FRANKFURT, Germany — German industrial firms recorded a sharp uptick in orders in August, official data showed on Thursday, outdoing analyst forecasts and reducing fears of an autumn slowdown in Europe’s biggest economy.
Firms saw a 1.0% increase in their order books in August compared with July, correcting for price, seasonal and calendar effects, the federal statistics office Destatis said. Analysts surveyed by Factset had predicted significantly weaker growth of 0.4%.
Demand for German products grew at home, with domestic orders up 2.6% in August versus the previous month. But the picture was mixed abroad, with a strong increase in orders from fellow Eurozone countries at 4.1% offset by a 2.8% slide in non-Eurozone orders.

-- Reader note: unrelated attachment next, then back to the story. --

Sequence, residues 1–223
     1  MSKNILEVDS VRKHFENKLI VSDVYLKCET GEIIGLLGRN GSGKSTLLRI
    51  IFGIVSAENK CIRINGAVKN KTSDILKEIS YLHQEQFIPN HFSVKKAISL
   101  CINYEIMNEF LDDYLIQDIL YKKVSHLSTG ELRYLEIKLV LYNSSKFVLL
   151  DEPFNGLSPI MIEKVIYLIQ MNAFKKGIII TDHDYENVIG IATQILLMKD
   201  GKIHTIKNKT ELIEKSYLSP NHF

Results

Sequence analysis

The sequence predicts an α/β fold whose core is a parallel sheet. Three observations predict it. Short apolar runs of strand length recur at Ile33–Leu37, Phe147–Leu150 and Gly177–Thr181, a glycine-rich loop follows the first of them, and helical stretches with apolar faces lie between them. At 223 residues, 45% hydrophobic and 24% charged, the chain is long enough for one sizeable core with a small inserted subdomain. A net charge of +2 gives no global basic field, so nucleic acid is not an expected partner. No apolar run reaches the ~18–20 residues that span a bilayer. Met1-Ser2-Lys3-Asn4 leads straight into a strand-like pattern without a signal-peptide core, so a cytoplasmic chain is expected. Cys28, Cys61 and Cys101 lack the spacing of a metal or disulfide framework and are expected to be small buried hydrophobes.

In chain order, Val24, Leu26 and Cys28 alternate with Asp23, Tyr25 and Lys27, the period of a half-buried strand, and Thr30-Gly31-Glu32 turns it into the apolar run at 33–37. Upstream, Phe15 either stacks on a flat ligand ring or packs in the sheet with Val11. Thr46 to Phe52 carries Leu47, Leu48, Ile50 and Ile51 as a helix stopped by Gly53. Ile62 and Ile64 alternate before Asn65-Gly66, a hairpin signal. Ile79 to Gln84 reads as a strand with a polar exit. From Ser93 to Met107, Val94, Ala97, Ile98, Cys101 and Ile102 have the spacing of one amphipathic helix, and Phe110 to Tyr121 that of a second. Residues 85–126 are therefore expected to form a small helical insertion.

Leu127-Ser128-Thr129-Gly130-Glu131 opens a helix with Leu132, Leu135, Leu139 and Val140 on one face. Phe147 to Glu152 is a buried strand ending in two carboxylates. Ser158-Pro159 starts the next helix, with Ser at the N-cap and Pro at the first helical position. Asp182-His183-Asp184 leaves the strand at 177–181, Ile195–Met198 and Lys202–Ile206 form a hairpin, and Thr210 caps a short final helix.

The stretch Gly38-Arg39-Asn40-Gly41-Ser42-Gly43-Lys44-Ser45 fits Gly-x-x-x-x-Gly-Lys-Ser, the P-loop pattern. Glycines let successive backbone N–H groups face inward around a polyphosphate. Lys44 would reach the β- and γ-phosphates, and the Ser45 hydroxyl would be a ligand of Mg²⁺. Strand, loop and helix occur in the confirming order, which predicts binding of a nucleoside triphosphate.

Overall, orders from outside Germany fell back by 0.2 percent. Ruling out large contracts, which can distort the figures, orders were up overall by 1.6 percent.
“New orders remain modest in the current year,” the economy ministry said in a statement.
But officials pointed to improved business sentiment and an increase in the purchasing managers’ index in September as signs of “a slight revival of industrial activity in the remainder of the year.”
“Today’s numbers bring some relief for German industry, but are still far too little to become overly optimistic,” analyst Carsten Brzeski at ING Diba bank said, pointing to overall weak growth in new orders since last winter. “Unless we see an entire series of similar data in the coming months, German industry will have trouble shifting to a higher gear.”
Destatis revised its industrial orders figure for July upwards slightly on Thursday, recording growth of 0.3% from an initial reading of 0.2%.
Copyright Agence France-Presse, 2016